Coming to Terms

This forum is for you to relax & to invest some time in reading some great things on which you can laugh & some motivational which can teach you a lot.
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sandipsen
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Joined: Thu May 28, 2015 10:56 am

Coming to Terms

#1 Postby sandipsen » Thu May 28, 2015 11:00 am

The flipside to watching a movie like Moneyball is that you begin to expect comebacks in life. You begin to think that your dwindling fortunes will turn around, when everyone around you is getting shortlisted for one company or the other. But it doesn’t happen. And every time it doesn’t happen, there’s this ensuing cycle of retrospection, self-incrimination and doubt. You begin doubting yourself because suddenly you are just half of what you used to be. The advantage of being a decent b-schooler is also its biggest disadvantage. And then there’s the discomfiting doubt of growing older with every passing second. Add to that the absolute lack of a restitution period, and you have the unenviable task of taking it in the chin and moving on, almost immediately after. I could draw parallels between the Fastrack advertisement and our lives here, but it is much easier said than done. The problem with being a human being is, you tend to be sentient. We will inevitably over think every omission and every defeat and end up beating ourselves over it. The difference is maybe you won’t show it, while I will. And then, one fine day – you find your name in the list.
You are beaming and apprehensive because you think you are not a total klutz, and you have no tangible clue of what to expect. You ask yourself, ‘What now?’ There’s a slight error with your resume that you can’t tell your PlaceComm about, because it’s a direct infringement of their directives. There’s an equally flustered looking classmate who has been shortlisted for the first time. And here’s the kicker. You have to wake up at 6 in the morning tomorrow.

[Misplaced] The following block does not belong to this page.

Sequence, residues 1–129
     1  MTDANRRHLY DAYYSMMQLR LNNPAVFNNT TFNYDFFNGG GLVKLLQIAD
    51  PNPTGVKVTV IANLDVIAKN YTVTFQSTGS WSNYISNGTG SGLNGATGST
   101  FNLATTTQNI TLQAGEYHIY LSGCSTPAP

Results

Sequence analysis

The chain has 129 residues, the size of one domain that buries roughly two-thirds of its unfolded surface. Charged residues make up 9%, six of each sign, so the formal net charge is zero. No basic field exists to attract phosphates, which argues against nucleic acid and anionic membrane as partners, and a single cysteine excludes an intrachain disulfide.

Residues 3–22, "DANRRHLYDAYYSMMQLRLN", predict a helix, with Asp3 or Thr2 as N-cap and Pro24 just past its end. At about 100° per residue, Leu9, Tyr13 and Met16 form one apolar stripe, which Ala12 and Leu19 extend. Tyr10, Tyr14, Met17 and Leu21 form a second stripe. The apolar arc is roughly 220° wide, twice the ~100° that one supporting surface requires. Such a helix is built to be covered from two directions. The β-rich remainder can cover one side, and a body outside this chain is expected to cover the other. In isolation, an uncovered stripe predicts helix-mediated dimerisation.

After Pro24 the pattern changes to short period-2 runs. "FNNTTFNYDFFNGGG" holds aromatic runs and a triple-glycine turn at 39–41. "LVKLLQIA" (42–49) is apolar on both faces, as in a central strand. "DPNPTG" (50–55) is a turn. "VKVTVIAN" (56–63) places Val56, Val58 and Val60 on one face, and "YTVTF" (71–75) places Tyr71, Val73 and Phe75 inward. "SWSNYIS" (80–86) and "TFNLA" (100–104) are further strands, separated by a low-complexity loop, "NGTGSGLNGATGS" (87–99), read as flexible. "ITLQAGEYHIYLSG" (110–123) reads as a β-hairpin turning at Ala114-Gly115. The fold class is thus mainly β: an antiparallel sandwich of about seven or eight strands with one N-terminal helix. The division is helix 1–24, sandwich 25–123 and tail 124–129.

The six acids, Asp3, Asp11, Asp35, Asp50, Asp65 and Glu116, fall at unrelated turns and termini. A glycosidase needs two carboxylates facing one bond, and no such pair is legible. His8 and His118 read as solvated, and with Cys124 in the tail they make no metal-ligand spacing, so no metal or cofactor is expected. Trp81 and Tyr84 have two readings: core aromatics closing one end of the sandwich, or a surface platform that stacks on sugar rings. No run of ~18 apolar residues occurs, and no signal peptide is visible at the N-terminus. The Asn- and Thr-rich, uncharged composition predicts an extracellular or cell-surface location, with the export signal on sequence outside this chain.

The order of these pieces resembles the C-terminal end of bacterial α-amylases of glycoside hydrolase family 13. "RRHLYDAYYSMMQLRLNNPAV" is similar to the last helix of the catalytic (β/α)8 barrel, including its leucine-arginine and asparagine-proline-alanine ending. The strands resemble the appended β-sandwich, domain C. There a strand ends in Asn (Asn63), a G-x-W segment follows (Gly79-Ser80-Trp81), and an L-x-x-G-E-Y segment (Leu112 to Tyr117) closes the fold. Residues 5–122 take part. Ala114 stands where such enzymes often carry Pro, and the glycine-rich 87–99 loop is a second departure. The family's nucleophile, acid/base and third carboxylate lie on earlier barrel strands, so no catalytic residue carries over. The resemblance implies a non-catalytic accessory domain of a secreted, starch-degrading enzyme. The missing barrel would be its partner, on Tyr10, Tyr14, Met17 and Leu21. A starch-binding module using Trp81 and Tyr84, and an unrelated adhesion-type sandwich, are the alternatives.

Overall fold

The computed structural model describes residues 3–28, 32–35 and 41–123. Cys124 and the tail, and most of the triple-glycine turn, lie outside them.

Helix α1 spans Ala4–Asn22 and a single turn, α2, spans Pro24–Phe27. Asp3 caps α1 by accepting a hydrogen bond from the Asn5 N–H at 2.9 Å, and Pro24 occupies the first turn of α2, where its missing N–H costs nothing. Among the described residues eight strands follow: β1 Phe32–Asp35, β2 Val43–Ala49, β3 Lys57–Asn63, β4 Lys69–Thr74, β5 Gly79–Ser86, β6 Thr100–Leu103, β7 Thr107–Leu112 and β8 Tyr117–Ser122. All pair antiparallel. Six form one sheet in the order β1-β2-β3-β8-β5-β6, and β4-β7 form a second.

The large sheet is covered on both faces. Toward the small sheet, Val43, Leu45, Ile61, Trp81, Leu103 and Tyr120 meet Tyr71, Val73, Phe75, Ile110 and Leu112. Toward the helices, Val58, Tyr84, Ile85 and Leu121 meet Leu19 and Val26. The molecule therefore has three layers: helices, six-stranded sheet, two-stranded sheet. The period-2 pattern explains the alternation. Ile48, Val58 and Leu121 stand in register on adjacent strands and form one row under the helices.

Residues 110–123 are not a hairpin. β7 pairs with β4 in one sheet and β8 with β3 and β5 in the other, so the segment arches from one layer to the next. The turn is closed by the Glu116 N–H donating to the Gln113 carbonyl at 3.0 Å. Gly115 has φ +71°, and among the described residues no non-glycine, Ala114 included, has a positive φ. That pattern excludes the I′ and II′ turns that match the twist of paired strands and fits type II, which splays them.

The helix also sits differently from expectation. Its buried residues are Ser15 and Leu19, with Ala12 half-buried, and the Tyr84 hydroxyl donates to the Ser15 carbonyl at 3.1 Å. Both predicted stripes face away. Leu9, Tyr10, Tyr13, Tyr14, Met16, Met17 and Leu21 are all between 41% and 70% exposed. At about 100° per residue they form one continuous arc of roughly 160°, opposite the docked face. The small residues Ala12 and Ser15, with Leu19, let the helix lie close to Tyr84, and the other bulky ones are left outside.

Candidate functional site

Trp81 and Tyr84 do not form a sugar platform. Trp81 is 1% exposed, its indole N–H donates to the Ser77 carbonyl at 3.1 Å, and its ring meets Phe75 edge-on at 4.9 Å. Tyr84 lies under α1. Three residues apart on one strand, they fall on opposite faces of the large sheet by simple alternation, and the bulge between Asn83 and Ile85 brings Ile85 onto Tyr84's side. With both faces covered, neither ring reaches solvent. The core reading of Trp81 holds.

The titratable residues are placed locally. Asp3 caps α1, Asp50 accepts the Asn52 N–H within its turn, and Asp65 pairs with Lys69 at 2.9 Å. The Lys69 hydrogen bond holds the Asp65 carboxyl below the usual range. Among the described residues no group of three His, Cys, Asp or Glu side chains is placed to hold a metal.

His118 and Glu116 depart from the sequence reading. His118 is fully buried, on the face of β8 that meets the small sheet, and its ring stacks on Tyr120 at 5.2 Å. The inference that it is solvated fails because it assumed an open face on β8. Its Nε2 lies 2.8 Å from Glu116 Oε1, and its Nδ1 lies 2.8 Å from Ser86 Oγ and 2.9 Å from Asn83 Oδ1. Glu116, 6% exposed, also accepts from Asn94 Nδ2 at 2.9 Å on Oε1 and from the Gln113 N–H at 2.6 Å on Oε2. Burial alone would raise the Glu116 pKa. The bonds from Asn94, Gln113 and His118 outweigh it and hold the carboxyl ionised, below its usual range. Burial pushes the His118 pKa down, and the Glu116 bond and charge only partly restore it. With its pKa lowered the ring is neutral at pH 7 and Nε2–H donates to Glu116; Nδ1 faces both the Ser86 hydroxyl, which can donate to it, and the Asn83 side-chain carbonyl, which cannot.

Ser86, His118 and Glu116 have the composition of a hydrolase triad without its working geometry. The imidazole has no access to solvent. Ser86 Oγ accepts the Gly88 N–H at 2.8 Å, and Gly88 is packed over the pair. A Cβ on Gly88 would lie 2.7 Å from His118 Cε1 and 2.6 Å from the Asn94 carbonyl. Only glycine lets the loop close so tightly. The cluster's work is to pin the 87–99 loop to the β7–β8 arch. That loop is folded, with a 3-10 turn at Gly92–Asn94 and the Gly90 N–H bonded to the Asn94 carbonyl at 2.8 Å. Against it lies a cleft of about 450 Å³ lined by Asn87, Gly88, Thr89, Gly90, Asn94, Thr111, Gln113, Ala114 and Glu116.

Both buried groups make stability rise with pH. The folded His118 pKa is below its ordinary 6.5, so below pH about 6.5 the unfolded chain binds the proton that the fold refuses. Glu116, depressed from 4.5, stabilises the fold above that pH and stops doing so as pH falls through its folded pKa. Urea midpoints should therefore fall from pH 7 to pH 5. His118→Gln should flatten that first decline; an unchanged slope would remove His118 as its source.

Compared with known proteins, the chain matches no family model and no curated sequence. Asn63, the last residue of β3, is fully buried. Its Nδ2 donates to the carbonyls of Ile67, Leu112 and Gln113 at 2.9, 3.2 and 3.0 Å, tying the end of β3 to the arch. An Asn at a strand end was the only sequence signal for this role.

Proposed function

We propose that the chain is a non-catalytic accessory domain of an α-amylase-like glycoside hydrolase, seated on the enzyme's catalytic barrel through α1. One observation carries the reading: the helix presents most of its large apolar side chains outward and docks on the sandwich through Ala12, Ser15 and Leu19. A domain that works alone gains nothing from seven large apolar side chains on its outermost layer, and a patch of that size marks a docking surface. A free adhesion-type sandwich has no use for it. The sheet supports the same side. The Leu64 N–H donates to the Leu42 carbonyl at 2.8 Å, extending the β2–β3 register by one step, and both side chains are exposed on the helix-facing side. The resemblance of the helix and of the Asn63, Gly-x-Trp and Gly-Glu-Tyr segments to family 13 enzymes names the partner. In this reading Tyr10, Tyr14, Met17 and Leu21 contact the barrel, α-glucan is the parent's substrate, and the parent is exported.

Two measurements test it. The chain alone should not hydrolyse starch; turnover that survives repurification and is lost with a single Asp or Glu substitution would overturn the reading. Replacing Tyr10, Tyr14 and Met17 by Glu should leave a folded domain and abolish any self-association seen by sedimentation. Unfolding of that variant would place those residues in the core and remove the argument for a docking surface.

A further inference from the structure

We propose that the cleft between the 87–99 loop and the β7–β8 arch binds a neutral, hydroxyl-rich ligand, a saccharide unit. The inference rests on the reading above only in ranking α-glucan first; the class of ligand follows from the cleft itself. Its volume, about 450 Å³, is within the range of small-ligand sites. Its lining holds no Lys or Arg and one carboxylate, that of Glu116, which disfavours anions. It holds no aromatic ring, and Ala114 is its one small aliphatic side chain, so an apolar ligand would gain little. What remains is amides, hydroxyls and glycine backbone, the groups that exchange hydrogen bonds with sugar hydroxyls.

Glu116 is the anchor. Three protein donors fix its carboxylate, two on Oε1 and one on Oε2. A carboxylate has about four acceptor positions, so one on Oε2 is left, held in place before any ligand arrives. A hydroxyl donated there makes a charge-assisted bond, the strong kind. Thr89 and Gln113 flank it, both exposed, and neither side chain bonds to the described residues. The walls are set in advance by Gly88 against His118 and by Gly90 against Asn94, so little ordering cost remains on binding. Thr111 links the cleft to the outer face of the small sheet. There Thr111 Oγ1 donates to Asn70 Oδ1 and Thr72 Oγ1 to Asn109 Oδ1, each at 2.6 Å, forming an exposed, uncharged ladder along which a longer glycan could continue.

The kneejerk reaction is, using Google. That, it’s the most commonly visited webpage, is not fiction. Google provides direction. And an alibi, especially when your parents might have crept up behind you and you managed to save yourself a major loss of face by anticipating this. God save you, if you didn’t. After an hour of going through the financial statements and the relevant webpages, you end up digressing to their videos and learning more about their social networking than their mechanics. That’s the point when you ask yourself, “Okay, so what profile have I been shortlisted for?” It’s alright. Add to that the usual hyperboles in your resume, that you have absolutely no inkling about how to rationalise. (I did send my resume to my cousin for a proof reading, and I distinctly remember grating laughter that lasted one whole minute.) So, now what?
Now you have your dinner, listen to Phil Collins and go to sleep1.

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